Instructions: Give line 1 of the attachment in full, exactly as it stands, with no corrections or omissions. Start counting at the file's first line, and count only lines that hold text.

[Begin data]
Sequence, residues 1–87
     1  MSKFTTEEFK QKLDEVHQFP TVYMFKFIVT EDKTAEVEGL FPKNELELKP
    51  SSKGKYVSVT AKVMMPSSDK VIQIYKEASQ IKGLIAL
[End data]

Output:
Sequence, residues 1–87